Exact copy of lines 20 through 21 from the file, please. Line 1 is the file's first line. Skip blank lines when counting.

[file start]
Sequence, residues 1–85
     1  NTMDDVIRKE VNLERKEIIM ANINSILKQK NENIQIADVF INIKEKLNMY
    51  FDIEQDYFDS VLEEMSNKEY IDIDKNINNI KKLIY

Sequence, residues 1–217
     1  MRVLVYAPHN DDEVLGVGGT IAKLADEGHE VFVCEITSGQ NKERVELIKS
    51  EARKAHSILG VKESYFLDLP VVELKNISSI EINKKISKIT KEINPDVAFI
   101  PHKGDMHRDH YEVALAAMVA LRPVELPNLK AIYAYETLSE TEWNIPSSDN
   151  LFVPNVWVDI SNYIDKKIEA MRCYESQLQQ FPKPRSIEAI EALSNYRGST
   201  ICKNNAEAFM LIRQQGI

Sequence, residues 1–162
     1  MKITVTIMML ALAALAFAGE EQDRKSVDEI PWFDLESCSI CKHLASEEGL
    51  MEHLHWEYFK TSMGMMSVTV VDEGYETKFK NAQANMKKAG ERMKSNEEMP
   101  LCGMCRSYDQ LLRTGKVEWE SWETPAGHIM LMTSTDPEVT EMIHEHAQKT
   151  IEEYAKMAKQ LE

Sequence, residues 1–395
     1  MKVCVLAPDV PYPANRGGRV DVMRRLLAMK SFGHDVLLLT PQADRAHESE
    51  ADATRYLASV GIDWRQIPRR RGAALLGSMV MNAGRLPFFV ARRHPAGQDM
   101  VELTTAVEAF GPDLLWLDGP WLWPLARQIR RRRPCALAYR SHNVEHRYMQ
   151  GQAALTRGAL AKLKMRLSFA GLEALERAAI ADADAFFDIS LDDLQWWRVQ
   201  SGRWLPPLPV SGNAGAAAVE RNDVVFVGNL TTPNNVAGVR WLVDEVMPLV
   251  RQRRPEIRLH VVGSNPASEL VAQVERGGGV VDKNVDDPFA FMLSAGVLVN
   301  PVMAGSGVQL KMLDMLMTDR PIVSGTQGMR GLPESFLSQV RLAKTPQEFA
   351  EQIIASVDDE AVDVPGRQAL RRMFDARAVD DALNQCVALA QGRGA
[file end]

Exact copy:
   201  SGRWLPPLPV SGNAGAAAVE RNDVVFVGNL TTPNNVAGVR WLVDEVMPLV
   251  RQRRPEIRLH VVGSNPASEL VAQVERGGGV VDKNVDDPFA FMLSAGVLVN